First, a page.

• Our creativity is sparked by the ultimate deadline
    Written by Comments Off on Our creativity is sparked by the ultimate deadline
    Last Updated: July 5, 2010

    This article was written by Rich Brooks.

    “Why are we so afraid of death?

    It’s a part of life, after all.

    Maybe it’s because we fear the unknown.

    Nobody has come back from the dead that we can prove.

    It’s a spiritual thing to say that a man called Jesus died and came back to life.

    It’s a matter of faith. One either believes it or not.

    In the 15th century, the French Roman Catholic philosopher and mathematician Blaise Paschal posited that all men could benefit from believing in God and doing good works because they risk eternal damnation if they don’t, and eternal life in heaven if they do. It is therefore only logical to believe. Logic or not, Paschal helped open the door between scientific thinking and theology.

    There’s an upside to death, believe it or not.

    It’s called creativity.”

    Read the rest of this article from Herald Tribune.

  • Robert Redford’s take on creativity in business
    Written by Comments Off on Robert Redford’s take on creativity in business
    Last Updated: July 3, 2010

    This article was written by Jane M. Von Bergen.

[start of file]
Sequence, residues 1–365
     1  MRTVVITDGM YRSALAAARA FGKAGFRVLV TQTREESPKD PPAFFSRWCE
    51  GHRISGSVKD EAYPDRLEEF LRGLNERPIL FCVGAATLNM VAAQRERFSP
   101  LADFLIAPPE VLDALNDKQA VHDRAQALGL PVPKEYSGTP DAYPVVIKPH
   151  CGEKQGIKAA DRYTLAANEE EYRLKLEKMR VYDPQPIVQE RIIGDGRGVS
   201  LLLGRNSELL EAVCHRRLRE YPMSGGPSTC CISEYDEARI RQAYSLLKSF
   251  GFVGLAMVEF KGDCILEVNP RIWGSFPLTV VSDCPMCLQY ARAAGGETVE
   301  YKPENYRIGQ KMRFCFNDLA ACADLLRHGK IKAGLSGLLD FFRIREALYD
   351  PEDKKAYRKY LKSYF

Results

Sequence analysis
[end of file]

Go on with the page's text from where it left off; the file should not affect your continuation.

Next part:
“A kid raised in a blue-collar home in Los Angeles, who got into trouble in school, who managed to scrape his way into an acting and directing career, and then went on to create a world-renowned film festival that changed the fortunes of independent filmmakers . . .

    . . . Even a person like that, even a person like Robert Redford, can screw it up.

    Redford’s faults: hiring badly, impatience, inability to communicate, ineffective relations with subordinates.

    He laid them all out Thursday before an audience of about 300 at the Suzanne Roberts Theatre at a seminar sponsored by the Arts and Business Council of Greater Philadelphia and by Towers Watson & Co., a human resources consulting firm.”

    Read the rest of this article from the Philadelphia Inquirer.


  • At Cannes, Creativity Has New Meaning
    Written by Comments Off on At Cannes, Creativity Has New Meaning
    Last Updated: June 29, 2010

    This article was written by Chuck Brymer.

    “Every year, Cannes produces lively debate surrounding the work entered, the Lions awarded, and any resulting trends from the various categories. And, as they should, the categories have changed to better reflect our industry. Last year a Public Relations category was added and even the highly coveted Titanium Lion has evolved for greater relevance.”

    Read the rest of this article from Forbes.

    —–
    Frustrated with Social Media Overload?

    If you want to get more out of your social media experience, we offer “One-on-One” Twitter Coaching and Blog Coaching specifically designed for your own individual or business needs.
    —–

  • VIDEO: Elizabeth Gilbert on nurturing creativity
    Written by Comments Off on VIDEO: Elizabeth Gilbert on nurturing creativity
    Last Updated: June 28, 2010

    Elizabeth Gilbert muses on the impossible things we expect from artists and geniuses — and shares the radical idea that, instead of the rare person “being” a genius, all of us “have” a genius. It’s a funny, personal and surprisingly moving talk.

    Watch this video from TED Talks.